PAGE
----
20 March 2024 Vegetarian Friendly
These triangular shaped sweet filled cookies are traditionally made to celebrate the Jewish festival of Purim. For my entire adult life, without exception I have made the exact same Maida Heater recipe, handed down by my mother. Until this year. Welcome to the 2024 version……

This version, born out of the happy accident of a glut of the best dough I have ever made, stashed in the freezer for emergency and an accidental over order of orange marmalade, I now have a new Purim tradition. 

The dough I am using is the transformative recipe (delicate yet incredibly forgiving) I shared last year as the base for the Chocolate Pecan Tart from my friend Laurel’s fabulous book, New European Baking, and it works absolutely perfectly for these cute little triangular treats.  And the filling is an adaptation from Doris Greenspan’s Dorie’s Cookies and includes marmalade with the apricots to make a tart and sweet jammy centre. I added vanilla, upped the marmalade and didn’t include any nuts, but this is very much her idea. 

The beauty here is both the filling and the dough can be made in advance and used not only this week for Hamantaschen but all year around for tarts, galettes and the fillings and bases for jam filled cookies and cakes.  

Note: I have a selection of alternative fillings in my older Hamantaschen recipe here.  

An addition of a little orange zest in the dough is a very welcome variation here and a great use of a whole orange if you make the dough before squeezing the orange juice into the filling. 

Laurel’s Dough

  • 120g (1/2cup + 1tbsp) butter, cubed and cold
  • 220g (1 3/4 cup + 1tbsp) plain flour
  • 65g (2/3 cup) ground almonds (or walnut or hazelnut meal)
  • 60g (1/2 cup + 1tbsp) confectioners sugar, sifted
  • 1/2 tsp flaky sea salt
  • 1 large egg, beaten
  • 1 tsp vanilla extract

Dorie’s Filling

  • 150g dried apricots, roughly chopped
  • juice of 1 large orange (approx 80ml or 1/3 cup)
  • juice of 1 lemon
  • 1 tsp vanilla extract
  • 1 tbsp honey
  • 1-2 tbsp orange marmalade (I like a little more than Dori)
  • pinch of flaky salt

Make the dough:

In a large bowl or in the bowl of a stand mixer, rub the flour and butter together with your fingertips or slowly with the paddle attachment until its a uniform sandy texture and there are no lumps of butter.  

Add the ground almonds, confectioners sugar and mix, followed by the egg and vanilla.  Mix by hand until just incorporated, making sure not to overwork the dough. 

Form the dough into a flattened disc and wrap it airtight in cling film.  Refrigerate for at least 2 hours and upto 3 days.  You can also freeze it for upto 2 months.

While it’s resting, make the filling:

In a smallish pan, combine the apricots, orange juice, lemon juice and vanilla. Cover and cook on a medium heat for about 15 minutes, stirring occasionally until they are soft and plump making sure not to let all the liquid evaporate.  Add the honey, marmalade and a pinch of salt and keep cooking gently for another 10 minutes until glossy and jammy.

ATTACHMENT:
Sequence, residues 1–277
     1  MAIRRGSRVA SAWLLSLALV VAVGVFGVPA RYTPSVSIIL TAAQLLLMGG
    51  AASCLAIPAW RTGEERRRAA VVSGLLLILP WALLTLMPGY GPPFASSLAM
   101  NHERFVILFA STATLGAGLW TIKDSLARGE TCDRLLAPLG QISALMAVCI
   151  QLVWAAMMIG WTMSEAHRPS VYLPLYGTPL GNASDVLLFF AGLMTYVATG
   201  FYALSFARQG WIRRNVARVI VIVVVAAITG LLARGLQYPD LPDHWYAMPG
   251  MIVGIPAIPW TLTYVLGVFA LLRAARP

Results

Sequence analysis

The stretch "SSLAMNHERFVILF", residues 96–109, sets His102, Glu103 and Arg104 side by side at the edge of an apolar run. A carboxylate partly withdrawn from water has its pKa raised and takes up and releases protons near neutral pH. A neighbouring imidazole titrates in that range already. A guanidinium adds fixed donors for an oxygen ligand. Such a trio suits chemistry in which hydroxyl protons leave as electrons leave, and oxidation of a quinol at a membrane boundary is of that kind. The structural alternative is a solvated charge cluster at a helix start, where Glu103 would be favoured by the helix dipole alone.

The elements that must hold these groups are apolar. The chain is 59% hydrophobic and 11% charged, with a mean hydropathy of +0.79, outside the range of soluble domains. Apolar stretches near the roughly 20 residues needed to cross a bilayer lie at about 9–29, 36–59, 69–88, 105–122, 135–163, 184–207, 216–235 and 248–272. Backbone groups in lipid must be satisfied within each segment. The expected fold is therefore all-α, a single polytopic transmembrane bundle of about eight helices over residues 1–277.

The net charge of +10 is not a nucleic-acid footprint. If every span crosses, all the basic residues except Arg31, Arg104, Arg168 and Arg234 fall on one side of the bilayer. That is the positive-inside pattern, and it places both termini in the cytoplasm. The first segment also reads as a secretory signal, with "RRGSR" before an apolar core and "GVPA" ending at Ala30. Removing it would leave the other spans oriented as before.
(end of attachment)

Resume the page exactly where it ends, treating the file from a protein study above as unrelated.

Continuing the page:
Remove from the heat and allow to cool.  I like to blitz mine a little for a smoother texture, either with a soup wand or in a food processor, but if you like a chunkier filling you don’t need to bother with this stage.  

Allow to cool completely and place in a jar or covered bowl until ready to use.  It will keep in the fridge for a week. 

When you are ready to make your Hamantastchen, remove the dough from the fridge, and on a lightly floured surface, bash it with a rolling pin to break it up a little and soften it before rolling out into a 2-3mm (1/4-1/8 inch) thickness, turning after every roll.  

Using a 9 or 10cm (3.5 or 4 inch) drinking glass or round cookie cutter, cut as many rounds as you can from your disc. Place the rounds to a lined baking sheet, spaced about 5cm apart and re-roll the dough as quickly as you can.  

Drop a heaped teaspoon of filling into the centre of each round.

Shape triangle by by bringing three edges together.  Make sure they are pinched tightly, leaving an opening in the centre If they become sticky before you shape them, pop the baking sheet into the fridge or freezer and chill until they are firm enough to handle.

I like to chill the sheets in fridge for minimum of 30 minutes or freeze until firm before baking.  You can make the hamataschen upto this stage and freeze them on the cookie sheets for up to 2 weeks and then cook them straight from frozen (provided you have not already frozen the dough beforehand)

While they are chilling, preheat oven to 180C (350F).

Bake for 12-15 minutes until they just begin to colour on the sides (slightly darker around the edges). You may need to rotate your baking sheets half way through cooking Cool and devour (they are very delicious warm, so make more than you need as a few always disappear straight out of the oven).

These will keep for 5 days in a sealed container (but I doubt they will last that long). Happy Purim to all celebrating x

Have you made this dish?

Let me know what you think, share your efforts and any tweaks you made to the recipe on Instagram, don’t forget to tag #BuildingFeasts or email me on info@buildingfeasts.com